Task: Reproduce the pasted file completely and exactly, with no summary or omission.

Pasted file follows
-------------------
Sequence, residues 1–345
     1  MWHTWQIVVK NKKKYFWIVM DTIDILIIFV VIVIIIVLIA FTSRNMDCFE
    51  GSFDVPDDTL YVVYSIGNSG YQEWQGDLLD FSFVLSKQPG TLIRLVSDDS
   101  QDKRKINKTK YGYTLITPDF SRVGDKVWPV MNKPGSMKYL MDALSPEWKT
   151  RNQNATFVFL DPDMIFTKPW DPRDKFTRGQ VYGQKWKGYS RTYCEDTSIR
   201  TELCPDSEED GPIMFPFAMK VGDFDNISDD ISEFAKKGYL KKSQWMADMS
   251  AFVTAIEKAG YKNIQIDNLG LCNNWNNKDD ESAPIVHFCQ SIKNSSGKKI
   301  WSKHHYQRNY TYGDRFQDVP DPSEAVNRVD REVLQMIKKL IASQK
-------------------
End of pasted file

Sequence, residues 1–345
     1  MWHTWQIVVK NKKKYFWIVM DTIDILIIFV VIVIIIVLIA FTSRNMDCFE
    51  GSFDVPDDTL YVVYSIGNSG YQEWQGDLLD FSFVLSKQPG TLIRLVSDDS
   101  QDKRKINKTK YGYTLITPDF SRVGDKVWPV MNKPGSMKYL MDALSPEWKT
   151  RNQNATFVFL DPDMIFTKPW DPRDKFTRGQ VYGQKWKGYS RTYCEDTSIR
   201  TELCPDSEED GPIMFPFAMK VGDFDNISDD ISEFAKKGYL KKSQWMADMS
   251  AFVTAIEKAG YKNIQIDNLG LCNNWNNKDD ESAPIVHFCQ SIKNSSGKKI
   301  WSKHHYQRNY TYGDRFQDVP DPSEAVNRVD REVLQMIKKL IASQK